prayer of lament
Updated: Jan 30
Unanswered prayer can leave us full of doubt and uncertainty. We've sometimes been told that God answers prayer in one of three ways: Yes, No, or Not Yet. But the reality of our lives seems a bit more complex than that, doesn't it? Even more confusing, what do we make of Jesus's promises that "all things are possible" and that he would "give us anything we ask" in his name?
"And I will do whatever you ask in my name, so that the Father may be glorified in the Son. You may ask me for anything in my name, and I will do it." - Jesus [John 14:13-14]
"I chose you and appointed you so that you might go and bear fruit—fruit that will last—and so that whatever you ask in my name the Father will give you" - Jesus [John 15:16]
"I tell you, my Father will give you whatever you ask in my name. Until now you have not asked for anything in my name. Ask and you will receive..." - Jesus [John 16:23-24]
Our modern prayer culture often tags the words "in Jesus name" to the end of each prayer as a type of incantation we hope will open the gates of God's compliance. But Jesus's invitation to pray "in His name" is so much more than the utterance of these "magic" words. In the 1st century, one's name was a synonym for their nature. To that end, Jesus promises that prayers "in line with his nature" will be answered. Okay, fair enough. So wouldn't healing a dying baby be in Jesus's nature? Wouldn't a prayer to end atrocities of human trafficking be in line with Jesus's nature? Why do many of these prayers seem to go unanswered?
At our last EPL, we explored some of the complexities of that question. As described by Peter Grieg's book, God on Mute, some of the factors have to do with what Grieg categorized as "God's World" (the laws of the natural world in which we live), "God's Will" (his desires & motives in relation to all the other 'wills' at work), and "God's War" (the forces at work around us being not just physical, but spiritual as well). While we often don't know exactly why our prayers go unanswered, it is undoubtedly more complex than the "yes, no, not yet" adage. We discussed the implications of God's World, God's Will, and God's War in some detail and ultimately discovered our tendency to ask God to prevent hardship, more so than praying in a way that expresses how we feel and asks him to provide grace and strength to endure.
Now, it is good and right for us to pray for protection. After all, Jesus himself taught us to pray for God to "deliver us from evil" (i.e. "don't let bad things happen to us"). But what does it mean for us to have a "theology of suffering" that claims God's promises in our hardship? In God's world, will, and war, there are many factors surrounding his response to our prayers, but how do we lean in and engage with God in honest dialogue about our desires, questions, frustration, and hurt?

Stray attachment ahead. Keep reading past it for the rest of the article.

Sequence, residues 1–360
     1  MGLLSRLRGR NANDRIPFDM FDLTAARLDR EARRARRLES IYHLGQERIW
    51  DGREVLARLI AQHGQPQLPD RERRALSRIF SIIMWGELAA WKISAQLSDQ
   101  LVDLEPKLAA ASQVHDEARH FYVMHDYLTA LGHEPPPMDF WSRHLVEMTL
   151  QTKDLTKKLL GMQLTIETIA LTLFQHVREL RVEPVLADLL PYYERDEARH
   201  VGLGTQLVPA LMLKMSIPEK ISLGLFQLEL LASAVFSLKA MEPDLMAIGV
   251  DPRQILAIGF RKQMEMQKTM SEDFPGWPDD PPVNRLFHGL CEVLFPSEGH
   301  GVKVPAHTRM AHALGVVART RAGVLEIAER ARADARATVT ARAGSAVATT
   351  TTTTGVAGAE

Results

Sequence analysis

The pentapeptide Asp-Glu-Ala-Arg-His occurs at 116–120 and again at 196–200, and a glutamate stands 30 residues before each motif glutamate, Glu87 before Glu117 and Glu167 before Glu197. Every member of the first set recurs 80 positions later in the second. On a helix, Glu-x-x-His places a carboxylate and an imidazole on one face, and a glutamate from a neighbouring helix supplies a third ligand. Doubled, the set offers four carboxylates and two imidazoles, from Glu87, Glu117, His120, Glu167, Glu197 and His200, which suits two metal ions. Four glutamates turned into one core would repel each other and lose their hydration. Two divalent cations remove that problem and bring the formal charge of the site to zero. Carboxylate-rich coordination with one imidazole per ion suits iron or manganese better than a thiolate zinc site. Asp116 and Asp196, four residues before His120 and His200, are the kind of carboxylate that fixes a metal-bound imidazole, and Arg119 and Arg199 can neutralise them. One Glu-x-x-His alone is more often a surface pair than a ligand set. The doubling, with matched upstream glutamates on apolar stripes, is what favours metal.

One step toward this is found in an ancient form of prayer called lament. The Psalms serve as a type of prayer book. It’s there to teach us how to pray. And over two-thirds of the psalms are prayers of lament - confusion, rage, disillusionment, venting anger, questions, and frustrated longing - to God. All in a posture, not of whining, but of worship.
"How much longer, Lord, will you forget about me? Will it be forever? How long will you hide How long must I be confused and miserable all day? How long will my enemies keep beating me down?"
"Please listen, Lord God, and answer my prayers. Make my eyes sparkle again, or else I will fall into the sleep of death. My enemies will say, “Now we’ve won!” They will be greatly pleased when I am defeated."
"I trust your love, and I feel like celebrating because you rescued me. You have been good to me, Lord and I will sing about you." [Psalm 13]
this week's practice
Put away any phones or distractions, and get into a comfortable, but alert position. Try to bring to mind an unanswered prayer or emotional hurt in your life, our community, or our world (personal, systemic, etc.) . With that in your mind, read Psalm 13 (above). Do your best to pray it, not only to read. Sit in silence and allow yourself to feel and lament in your own life, community, or world. Pray your own “lament psalm” to God. Try to be candid without censoring as you pray. Remember, prayer isn’t a place to be our best, it’s a place to be honest. Take time to reflect on Jesus who went through unanswered prayer and emotional pain in the Garden of Gethsemane and on the cross. Thank Him for being a God that suffers with us and for His promises to us. If you are able, bring to mind His promises to you and end by expressing your faith in God in the face of unanswered prayer.
Over the course of the week, pick out other lament psalms, and use them as a “liturgy” to give voice to your prayers (some great examples: Psalm 10, 13, 60, 79, or 80). Practice prayers of lament as described above.
Consider writing your own lament psalm. Think of it as a letter of prayer to God where you can be completely honest about what you’re feeling. God already knows what’s in your heart! Feel free to write out your dreams, doubts, hopes, fears, questions, confusion, disillusionment, disappointment, etc. Then pray your lament psalm out loud to God. (adapted from Practicing the Way)